Why were the Sadducees and the Apostles unable to reconcile their views?

The apostles and the early Christians did not reconcile their views with the religious leaders of their day. Although the Pharisees were the main opponents of Jesus, the apostles’ main opponents were the Sadducees.

Peter and John had done a miracle of healing a lame man, attracting many people to them. Then they preached about Jesus to the astonished crowd, converting many. The Sadducees had put the apostles in prison when they found them in the temple preaching about Jesus. But, by the time they had arrested them, they had already spread their teachings to many people.

The Sadducees, like the Pharisees, had opposed Jesus when he had his earthly ministry and had helped to kill him. The Sadducees and the other religious leaders were afraid that the apostles would popularize the idea that they were guilty of crucifying Jesus, who had done nothing wrong. Jesus’ teachings were also contrary to their teachings.

They told them to stop preaching about Jesus, but Peter told them that they should obey God rather than men, in essence. The Sadducees did not want to do anything serious to them, because the people thought that the miracle they did was an act of God. So they threatened them, commanded them to stop preaching about Jesus, and let them go.

The apostles kept on ministering to the people and healing people in the name of Jesus, violating the command of the Sadducees. Because of this, the Sadducees put them in prison again. An angel from God freed them and instructed them to preach in the temple to the people. So, they went and did so.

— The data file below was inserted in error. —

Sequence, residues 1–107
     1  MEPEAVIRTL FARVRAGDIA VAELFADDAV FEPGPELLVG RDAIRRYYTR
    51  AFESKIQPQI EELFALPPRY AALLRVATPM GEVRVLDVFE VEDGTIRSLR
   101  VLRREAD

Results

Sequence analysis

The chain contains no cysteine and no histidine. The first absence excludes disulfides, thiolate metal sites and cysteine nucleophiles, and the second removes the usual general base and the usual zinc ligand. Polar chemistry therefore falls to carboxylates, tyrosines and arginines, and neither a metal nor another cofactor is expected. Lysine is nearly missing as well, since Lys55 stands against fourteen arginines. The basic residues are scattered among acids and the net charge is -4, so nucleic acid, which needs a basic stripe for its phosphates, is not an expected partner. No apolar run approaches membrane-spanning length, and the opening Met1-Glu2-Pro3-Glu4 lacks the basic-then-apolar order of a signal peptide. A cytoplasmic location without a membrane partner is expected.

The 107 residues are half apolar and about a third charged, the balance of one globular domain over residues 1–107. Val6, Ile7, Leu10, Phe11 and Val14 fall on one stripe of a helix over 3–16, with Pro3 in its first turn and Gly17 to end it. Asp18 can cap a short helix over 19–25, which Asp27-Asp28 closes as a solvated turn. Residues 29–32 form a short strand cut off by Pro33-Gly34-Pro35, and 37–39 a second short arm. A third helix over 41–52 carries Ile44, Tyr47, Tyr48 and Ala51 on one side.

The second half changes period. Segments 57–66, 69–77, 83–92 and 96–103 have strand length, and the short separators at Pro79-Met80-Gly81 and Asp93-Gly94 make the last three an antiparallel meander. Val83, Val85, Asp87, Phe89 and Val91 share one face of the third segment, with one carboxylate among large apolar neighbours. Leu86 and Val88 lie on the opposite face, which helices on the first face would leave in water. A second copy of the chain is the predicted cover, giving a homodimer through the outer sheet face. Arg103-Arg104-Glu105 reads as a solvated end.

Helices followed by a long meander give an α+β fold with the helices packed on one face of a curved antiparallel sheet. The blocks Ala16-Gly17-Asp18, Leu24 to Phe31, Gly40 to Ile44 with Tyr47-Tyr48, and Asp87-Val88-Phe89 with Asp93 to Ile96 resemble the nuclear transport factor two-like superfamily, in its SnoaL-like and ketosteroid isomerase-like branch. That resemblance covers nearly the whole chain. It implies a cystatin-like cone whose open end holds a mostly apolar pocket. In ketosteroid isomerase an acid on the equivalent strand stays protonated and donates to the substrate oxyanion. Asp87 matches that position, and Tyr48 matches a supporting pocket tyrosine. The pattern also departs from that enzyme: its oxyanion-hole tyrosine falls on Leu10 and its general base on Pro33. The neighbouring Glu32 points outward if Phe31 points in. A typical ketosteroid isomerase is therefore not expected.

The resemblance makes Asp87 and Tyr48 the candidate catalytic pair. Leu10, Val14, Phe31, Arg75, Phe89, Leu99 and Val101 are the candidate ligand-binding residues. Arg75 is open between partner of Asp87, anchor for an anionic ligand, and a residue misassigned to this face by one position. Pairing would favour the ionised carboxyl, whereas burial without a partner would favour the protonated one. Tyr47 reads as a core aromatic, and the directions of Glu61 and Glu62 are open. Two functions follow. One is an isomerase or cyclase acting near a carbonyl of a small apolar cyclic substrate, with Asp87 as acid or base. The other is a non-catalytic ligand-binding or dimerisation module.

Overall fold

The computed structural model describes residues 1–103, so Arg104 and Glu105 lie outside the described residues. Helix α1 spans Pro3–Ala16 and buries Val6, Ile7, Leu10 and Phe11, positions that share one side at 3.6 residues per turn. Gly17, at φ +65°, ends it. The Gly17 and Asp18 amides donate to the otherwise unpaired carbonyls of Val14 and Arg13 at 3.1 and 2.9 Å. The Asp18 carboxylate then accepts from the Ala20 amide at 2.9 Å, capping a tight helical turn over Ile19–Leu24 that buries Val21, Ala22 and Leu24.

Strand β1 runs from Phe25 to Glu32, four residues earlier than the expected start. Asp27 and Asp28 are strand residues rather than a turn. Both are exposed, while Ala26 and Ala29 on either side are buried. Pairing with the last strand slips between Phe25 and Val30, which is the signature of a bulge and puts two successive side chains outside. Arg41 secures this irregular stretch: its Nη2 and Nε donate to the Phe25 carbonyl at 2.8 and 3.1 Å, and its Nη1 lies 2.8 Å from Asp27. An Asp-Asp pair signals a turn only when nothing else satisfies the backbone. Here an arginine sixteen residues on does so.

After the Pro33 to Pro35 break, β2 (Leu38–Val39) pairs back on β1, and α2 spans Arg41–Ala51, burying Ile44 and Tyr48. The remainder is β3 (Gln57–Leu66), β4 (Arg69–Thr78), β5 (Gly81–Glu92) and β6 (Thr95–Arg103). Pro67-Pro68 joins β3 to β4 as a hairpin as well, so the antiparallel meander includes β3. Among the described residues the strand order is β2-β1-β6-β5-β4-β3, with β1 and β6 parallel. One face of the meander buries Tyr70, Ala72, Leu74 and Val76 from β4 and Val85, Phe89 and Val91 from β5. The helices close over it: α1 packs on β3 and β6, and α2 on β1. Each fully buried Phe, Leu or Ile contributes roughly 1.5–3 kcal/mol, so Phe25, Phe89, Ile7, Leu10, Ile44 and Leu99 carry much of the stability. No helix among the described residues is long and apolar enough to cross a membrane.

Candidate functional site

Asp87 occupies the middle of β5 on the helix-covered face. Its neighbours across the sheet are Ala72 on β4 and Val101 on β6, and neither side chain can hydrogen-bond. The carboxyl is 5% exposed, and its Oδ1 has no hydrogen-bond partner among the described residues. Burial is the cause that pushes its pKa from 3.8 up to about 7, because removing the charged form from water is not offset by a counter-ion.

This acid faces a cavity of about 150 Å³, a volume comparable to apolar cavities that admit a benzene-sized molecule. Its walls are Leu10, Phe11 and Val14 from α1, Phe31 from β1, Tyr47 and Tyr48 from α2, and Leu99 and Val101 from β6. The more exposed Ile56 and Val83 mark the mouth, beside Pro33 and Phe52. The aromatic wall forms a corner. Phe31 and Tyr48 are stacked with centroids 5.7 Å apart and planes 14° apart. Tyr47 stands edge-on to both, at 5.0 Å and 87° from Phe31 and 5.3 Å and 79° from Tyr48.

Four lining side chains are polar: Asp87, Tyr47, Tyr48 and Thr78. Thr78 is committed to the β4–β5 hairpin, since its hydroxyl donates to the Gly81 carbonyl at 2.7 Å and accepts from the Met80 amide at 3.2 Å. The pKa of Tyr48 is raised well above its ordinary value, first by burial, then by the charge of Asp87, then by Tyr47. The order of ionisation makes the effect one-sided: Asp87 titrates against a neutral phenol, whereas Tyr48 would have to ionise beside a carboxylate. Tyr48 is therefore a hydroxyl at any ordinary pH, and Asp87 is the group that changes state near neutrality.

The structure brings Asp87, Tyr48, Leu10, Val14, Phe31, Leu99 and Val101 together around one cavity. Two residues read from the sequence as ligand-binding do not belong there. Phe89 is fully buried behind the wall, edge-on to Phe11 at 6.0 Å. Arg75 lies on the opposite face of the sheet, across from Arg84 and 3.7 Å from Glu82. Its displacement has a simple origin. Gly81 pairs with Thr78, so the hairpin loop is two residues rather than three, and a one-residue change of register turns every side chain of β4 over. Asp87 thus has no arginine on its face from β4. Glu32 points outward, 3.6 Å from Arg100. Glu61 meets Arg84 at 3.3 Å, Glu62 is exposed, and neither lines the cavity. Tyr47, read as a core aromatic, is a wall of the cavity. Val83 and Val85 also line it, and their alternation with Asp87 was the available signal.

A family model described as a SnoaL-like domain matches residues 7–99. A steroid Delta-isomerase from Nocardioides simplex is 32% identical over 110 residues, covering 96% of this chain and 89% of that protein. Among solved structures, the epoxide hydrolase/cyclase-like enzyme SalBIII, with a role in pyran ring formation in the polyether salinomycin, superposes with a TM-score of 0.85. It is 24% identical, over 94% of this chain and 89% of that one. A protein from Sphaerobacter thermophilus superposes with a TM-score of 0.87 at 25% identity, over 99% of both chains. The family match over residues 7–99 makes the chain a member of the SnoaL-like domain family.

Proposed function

The Sadducees called for them, but the people they sent came empty-handed and told them that the apostles were not there. When someone told them that the apostles were in the temple, the went and brought them to the council. They brought them without violence, because they were afraid of the people. The Pharisees had been more popular with the common people than the Sadducees, so they had to be even more careful with the people than the Pharisees had been.

The council asked them why they had disobeyed them and accused them of trying to bring Jesus’ blood on them. Peter preached to them and repeated his statement that they should obey God rather than men. He accused them of crucifying Jesus, but also said that God had raised him from the dead. He presented himself, the rest of the apostles, and the Holy Spirit as witnesses to his resurrection. The Sadducees were angered and discussed how they could kill them.

Then Gamaliel, a Pharisee in the council, a famous teacher of the law, commanded the apostles to be put out. He argued that if they were not of God, that it would fail. He also told them about the movements of Theudas and Judas, that eventually failed. He said that the apostles’ movement would fail if it were not of God. If it were of God, he said, then we should not try to go against God. He convinced the council not to kill them, so the beat the apostles and let them go.

The apostles would not give in because they believed that God had called them to preach about Jesus and to spread Christianity to the whole world. Even though they were threatened, they kept on preaching, saying that it is better to follow God rather than men. The Sadducees would not give in to the apostles’ teaching either because they would not admit their guilt in crucifying Jesus, or say that he was the Son of God. They were followers of the law of Moses, but they would not follow Jesus, of whom Moses pointed to.

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